Advance Selector!

Alright, global style changes are cool for simple pages, but as your pages get more complex, you’ll need more control. Luckily CSS has more tricks up its sleeve. On this page, you’ll learn 3 simple methods to target ANY object(s) on your page.  We do this with three new CSS Selector tips. Here we go:

Tip 1: To select a pattern: Use Selector Chains

If you have any patterns in your html, you can target them with Selector Chains.  The easiest example would be if you wanted to apply a CSS rule only on the list items <li> under an ordered list <ol>, but NOT an unordered list <ul>.  To do that in our CSS file, we’d simply list the parent tag, then the child tag, creating a Selector Chain like so:

ol li{

font-size: 21px;

}

This translates to “we want to change the font size of all LI tags under the OL tag”.  You can technically chain an unlimited number of selectors together, as seen below, but most pages are just not that complex.

p h1 ul li{

font-size: 21px;

}

Tip 2: To select an arbitrary element:  Use Id

If there is ONE specific element on the page that you want to add CSS styles to, you can use the ID attribute mentioned back in the HTML lesson. For example, say we want to BOLD just the first paragraph on index.html. We’d do the following 2 steps:

  1. In your index.html file, locate the first p tag and add an ID attribute to it
  2. In your CSS file, create a new rule using the special ID selector syntax TAG#IDNAME

And here are those changes in action:

Inside index.html:

<p id="first_paragraph">This is the first paragraph</p>
<p>This is the second paragraph</p>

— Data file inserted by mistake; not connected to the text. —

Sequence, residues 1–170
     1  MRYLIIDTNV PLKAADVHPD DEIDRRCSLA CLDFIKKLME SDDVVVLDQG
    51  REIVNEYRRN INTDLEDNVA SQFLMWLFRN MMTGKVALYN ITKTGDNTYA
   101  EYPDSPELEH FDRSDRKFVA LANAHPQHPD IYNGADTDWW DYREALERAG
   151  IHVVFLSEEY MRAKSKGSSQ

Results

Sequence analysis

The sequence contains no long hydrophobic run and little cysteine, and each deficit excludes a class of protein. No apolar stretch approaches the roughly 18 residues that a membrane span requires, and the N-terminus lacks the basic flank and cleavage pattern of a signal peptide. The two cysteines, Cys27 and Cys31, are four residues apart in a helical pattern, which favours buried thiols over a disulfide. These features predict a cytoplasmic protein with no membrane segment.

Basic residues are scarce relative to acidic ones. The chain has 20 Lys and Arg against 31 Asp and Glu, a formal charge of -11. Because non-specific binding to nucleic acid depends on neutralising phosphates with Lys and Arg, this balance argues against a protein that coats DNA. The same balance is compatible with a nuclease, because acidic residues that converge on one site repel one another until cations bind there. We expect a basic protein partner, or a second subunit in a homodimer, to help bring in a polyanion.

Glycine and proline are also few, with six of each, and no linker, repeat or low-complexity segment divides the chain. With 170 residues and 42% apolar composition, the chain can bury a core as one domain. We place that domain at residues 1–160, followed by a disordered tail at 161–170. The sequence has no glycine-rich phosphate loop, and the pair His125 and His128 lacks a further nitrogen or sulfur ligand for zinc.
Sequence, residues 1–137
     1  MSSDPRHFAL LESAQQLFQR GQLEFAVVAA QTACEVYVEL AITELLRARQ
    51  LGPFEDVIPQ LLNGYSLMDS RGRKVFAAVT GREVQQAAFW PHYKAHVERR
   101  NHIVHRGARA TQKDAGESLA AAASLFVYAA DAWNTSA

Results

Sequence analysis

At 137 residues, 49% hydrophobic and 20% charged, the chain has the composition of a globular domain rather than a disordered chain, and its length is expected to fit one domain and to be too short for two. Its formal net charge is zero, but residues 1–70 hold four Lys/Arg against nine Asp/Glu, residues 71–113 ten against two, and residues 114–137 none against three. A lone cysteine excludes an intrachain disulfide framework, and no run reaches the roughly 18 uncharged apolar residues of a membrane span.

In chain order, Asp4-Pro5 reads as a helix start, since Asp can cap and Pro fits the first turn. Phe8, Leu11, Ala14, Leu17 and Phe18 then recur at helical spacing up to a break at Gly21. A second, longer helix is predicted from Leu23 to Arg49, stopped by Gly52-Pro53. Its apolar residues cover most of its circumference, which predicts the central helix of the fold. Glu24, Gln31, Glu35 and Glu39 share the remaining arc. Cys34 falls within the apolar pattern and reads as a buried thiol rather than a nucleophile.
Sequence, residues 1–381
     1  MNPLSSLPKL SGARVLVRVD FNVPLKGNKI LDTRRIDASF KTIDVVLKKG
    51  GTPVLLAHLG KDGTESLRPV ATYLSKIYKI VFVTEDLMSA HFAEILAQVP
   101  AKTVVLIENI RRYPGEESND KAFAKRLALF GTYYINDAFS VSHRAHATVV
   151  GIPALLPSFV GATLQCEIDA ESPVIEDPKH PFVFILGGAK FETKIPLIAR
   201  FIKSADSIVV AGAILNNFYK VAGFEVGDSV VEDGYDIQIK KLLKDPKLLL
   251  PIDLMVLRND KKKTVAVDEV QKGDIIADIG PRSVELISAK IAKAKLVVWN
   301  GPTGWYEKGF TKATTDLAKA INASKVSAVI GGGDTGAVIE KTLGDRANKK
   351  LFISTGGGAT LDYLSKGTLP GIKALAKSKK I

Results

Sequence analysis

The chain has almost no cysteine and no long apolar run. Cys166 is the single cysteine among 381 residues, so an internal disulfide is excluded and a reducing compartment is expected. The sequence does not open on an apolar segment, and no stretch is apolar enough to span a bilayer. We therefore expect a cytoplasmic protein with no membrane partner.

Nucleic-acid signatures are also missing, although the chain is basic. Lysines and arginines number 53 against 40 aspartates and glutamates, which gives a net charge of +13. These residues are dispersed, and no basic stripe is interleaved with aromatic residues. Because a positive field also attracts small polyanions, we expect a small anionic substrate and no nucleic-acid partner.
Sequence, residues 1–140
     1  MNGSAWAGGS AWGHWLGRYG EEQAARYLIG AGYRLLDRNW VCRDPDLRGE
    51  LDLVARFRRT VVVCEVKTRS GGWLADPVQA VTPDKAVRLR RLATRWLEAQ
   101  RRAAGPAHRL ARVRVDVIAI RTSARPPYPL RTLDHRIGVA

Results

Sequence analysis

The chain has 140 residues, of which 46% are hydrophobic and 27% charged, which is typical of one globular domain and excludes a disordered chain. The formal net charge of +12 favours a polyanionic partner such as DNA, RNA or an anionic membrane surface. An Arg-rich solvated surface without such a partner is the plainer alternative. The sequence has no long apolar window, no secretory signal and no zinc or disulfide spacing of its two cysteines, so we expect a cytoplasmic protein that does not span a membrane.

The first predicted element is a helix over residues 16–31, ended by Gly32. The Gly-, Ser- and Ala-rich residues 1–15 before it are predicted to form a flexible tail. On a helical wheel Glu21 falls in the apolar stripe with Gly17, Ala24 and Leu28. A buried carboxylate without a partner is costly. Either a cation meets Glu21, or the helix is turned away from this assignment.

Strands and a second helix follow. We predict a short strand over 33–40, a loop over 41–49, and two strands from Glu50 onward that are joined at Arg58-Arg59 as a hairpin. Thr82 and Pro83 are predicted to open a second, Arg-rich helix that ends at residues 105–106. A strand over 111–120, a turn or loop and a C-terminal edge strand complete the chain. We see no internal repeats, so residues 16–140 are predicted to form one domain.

<p>This is the third paragraph</p>

Inside style.css:

p#first_paragraph{

font-weight: bold;

}

Notes:

Tip 3: To select a group of elements: Use Class

Very similar to the Id attribute is the Class attribute. Whereas with Ids, you can only select one element, Classes are designed to affect multiple elements. In addition, you can give an element multiple classes so it can take multiple rules! Class based CSS rules use the syntax .CLASSNAME or TAG.CLASSNAME (if you want to limit a class to a certain tag). So let’s see this in action.

Inside index.html:

<h2 class="indent blue">This is the page title</h2>
<p class="smal">This is the first paragraph</p>
<p class="indent small">This is the second paragraph</p>
<p class="blue">This is the third paragraph</p>
<p class="small indent blue">This is the fourth paragraph</p>

Inside style.css:

.blue{

color: #0000ff;

}

.small{

font-size: 10px;

}

p.indent{

text-indent: 30px;

}

Actual Result:

This is the page title

This is the first paragraph

This is the second paragraph

This is the third paragraph

This is the fourth paragraph

Notes:

We’ve now got the power to select anything on the page. But it seems kinda inefficient to have to select every element on the screen. Even with classes, there must be a better way. There is, and it’s on the next page.

Prev page: Common CSS Properties
Next page: Making Groups